There has been much talk recently about the UK’s trade deals in a post-Brexit world. Particularly far flung territories such as New Zealand.
Are there lessons that can be learned from each other’s economies, and do they have more in common than just a shared language?
A recent study by the LSE has compared the UK’s trading position now with the situation New Zealand found itself in 1973. Both of these positions directly result from the UK’s relationship with the rest of Europe. In 1973, New Zealand’s economy was negatively impacted by the UK joining the EEC; in 2023, New Zealand is set to benefit from the UK’s departure.
At the time, roughly half of New Zealand’s exports were going to the UK tariff-free. The LSE report concluded that New Zealand was almost 20% poorer a decade after losing access to the UK’s market. While the UK is considerably less geographically isolated than New Zealand, roughly 50% of its exports were to the EU pre-Brexit. Many who campaigned to remain in the EU argued that the economic cost of leaving would be too high, but this was always dismissed as ‘Project Fear’. The LSE’s report suggests that Brexit will likely be harmful for the foreseeable future.
It has often been said that the UK abandoned New Zealand in 1973, and the country had to find new markets and rebuild its economy. New Zealand did not have a choice in the matter, and while the UK turned its face to markets closer to home, it was still an important export market for New Zealand. In February 2022, a new FTA was signed between New Zealand and the UK, which came into force in May 2023.
The deal aims to increase the flow of goods between the two countries by 30% and sees the eradication of tariffs on 97% of goods, including wine, kiwis, and a range of dairy products. Wine growers in New Zealand said it was an incredibly positive deal. New Zealand exported wine to a value of $ 296.1 million to the UK in 2022. If this does increase by 30%, the winegrowers will see an impressive uplift in sales.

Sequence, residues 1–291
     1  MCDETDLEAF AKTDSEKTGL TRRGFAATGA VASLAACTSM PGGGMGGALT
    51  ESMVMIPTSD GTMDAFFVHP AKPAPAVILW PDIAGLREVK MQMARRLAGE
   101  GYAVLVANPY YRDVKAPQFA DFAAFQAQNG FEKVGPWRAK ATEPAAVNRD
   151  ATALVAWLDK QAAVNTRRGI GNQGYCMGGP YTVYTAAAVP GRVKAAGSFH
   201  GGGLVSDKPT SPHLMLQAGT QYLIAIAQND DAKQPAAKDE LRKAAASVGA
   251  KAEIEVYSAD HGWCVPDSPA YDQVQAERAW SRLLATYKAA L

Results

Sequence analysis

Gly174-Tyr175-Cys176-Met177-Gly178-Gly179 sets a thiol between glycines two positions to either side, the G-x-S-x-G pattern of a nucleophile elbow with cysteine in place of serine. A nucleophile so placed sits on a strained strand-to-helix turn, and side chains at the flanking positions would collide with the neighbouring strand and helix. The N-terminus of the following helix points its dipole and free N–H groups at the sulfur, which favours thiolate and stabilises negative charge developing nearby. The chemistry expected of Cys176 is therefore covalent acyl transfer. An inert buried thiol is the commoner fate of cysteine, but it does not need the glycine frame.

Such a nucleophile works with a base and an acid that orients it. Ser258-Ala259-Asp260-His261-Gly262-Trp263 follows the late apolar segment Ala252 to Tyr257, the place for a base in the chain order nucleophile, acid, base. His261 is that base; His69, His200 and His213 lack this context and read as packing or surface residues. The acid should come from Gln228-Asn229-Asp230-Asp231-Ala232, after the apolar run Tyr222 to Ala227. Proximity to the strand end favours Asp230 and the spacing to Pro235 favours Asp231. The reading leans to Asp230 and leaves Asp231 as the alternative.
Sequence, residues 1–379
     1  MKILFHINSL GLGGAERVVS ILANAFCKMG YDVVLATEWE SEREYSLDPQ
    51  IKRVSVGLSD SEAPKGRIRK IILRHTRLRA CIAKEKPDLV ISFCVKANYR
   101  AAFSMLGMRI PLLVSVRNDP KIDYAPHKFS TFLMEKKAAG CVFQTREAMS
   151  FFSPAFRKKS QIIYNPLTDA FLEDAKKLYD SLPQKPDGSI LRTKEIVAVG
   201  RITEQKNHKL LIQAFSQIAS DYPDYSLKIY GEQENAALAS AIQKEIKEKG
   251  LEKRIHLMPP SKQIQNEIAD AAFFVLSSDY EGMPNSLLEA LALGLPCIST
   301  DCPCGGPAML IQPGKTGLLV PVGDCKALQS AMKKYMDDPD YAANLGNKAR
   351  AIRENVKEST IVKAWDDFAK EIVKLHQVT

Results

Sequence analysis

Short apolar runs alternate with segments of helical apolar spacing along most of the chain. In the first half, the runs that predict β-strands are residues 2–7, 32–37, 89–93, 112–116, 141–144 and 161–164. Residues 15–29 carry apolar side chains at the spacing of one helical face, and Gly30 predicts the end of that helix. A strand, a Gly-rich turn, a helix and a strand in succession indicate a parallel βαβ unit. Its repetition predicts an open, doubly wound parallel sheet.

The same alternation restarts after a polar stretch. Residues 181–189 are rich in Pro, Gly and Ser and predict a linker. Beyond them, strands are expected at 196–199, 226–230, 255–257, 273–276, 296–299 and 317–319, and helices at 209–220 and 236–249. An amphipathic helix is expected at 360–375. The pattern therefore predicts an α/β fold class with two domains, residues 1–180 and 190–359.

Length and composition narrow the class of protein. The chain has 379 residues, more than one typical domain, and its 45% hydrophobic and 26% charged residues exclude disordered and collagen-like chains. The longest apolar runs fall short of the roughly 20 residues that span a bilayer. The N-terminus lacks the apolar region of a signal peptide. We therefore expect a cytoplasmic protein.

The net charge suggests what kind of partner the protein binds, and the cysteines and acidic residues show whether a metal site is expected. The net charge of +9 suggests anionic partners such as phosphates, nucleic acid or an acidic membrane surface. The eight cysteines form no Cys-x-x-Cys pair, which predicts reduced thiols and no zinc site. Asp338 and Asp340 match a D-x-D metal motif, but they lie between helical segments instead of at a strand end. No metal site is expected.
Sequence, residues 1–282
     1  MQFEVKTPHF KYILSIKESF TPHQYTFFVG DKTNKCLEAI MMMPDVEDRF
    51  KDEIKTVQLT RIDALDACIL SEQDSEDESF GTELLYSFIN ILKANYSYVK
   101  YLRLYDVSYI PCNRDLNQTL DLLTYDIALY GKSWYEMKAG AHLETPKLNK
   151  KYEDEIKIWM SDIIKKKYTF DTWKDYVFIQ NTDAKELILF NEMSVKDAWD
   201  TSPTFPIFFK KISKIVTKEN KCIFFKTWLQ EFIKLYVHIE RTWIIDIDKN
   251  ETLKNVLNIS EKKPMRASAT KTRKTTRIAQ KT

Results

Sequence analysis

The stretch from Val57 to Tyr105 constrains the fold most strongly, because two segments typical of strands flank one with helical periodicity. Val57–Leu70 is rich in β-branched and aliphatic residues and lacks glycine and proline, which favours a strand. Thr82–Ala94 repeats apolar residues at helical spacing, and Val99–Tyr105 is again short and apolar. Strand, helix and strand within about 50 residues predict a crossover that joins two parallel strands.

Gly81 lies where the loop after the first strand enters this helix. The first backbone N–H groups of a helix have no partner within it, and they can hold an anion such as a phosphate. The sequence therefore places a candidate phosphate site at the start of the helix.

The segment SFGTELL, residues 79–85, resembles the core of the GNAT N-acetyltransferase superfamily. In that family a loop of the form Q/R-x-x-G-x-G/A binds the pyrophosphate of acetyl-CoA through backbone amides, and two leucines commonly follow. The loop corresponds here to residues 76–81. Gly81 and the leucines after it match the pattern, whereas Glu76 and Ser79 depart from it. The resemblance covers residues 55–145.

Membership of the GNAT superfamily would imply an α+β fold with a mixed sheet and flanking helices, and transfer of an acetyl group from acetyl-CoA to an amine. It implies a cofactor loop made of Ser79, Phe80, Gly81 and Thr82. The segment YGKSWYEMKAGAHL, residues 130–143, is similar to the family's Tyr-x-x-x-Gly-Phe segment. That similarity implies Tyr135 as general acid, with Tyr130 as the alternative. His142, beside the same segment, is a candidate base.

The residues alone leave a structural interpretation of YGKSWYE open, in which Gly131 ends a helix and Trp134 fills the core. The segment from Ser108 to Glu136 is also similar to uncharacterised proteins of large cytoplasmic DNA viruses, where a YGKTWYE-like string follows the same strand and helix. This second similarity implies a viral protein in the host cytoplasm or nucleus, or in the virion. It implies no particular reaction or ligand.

The UK will be hoping that industries that thrive here will be exported to New Zealand. However, as the country has a population less than a twelfth of the UK’s and not even as large as Scotland’s, it is hard not to envisage that the flow of goods might be inbound to the UK rather than outbound. There appears to be a singular lack of Brexit benefits to the UK in recent deals. Earlier this week, Australia’s news hosts were left in hysterics discussing the topic.
However, the UK’s success in service-based and digital industries is an area that New Zealand can learn from. It’s unlikely that New Zealand will replicate London’s reputation as a financial services powerhouse. However, the UK has been at the forefront of emerging service industries, such regulated gambling. The idea is that by having a fully regulated industry, gamblers can make their bets safe in the knowledge that the establishment is licensed and secure. Gambling and betting are worth $14.7 billion to the UK economy, and British brands like Bet365 and Entain are massively successful around the world.
New Zealand does not currently have any plans to allow online casinos to be based within its territory; it is probable that UK companies will find a receptive audience and customer base in this part of the Southern Hemisphere. Kiwis spend over $600 million a year on gambling. In fact, Bet365 has already made inroads into the New Zealand marked and already boasts that it offers the best casino bonus in New Zealand. Other UK operators are sure to follow them into this market.
However, in other sectors, Farming groups in the UK have raised concerns about the effect of the FTA on the agricultural sector. New Zealand remains a competitive exporter of farm products, and the National Farmers Union is concerned UK farmers and producers will be undercut due to production disadvantages. The UK Government’s Impact Assessment shows there will be a negative effect on agriculture and semi-processed foods, so the concerns are well-founded. In an attempt to safeguard UK agriculture, the Government has agreed to limit imports of specific products for up to 15 years.
According to papers held at The Commons Library, the economic effect of the agreement is not going to be very big. As a result of the deal, UK GDP will be 0.03% higher in 2035, and that is subject to uncertainty. Given the relatively small amount of trade the UK does with New Zealand and the fact that trade barriers were already low, this is not surprising.
In summary, it seems as though the UK might have more to learn from New Zealand than vice-versa. New Zealand discovered the hard way that losing access to 50% of your export market damages the economy. In addition, even when you have created new products and markets, when the opportunity arises to trade more favourably with your old partners, it is unwise to turn down the chance. The UK is looking for alternative markets to the one on its doorstep. However, as the LSE study about the New Zealand economy shows, replacing lost deals with 50% of your export market can take decades.
However, currently, the UK Government is not receptive to learning any lessons. Unfortunately, they have had enough of experts.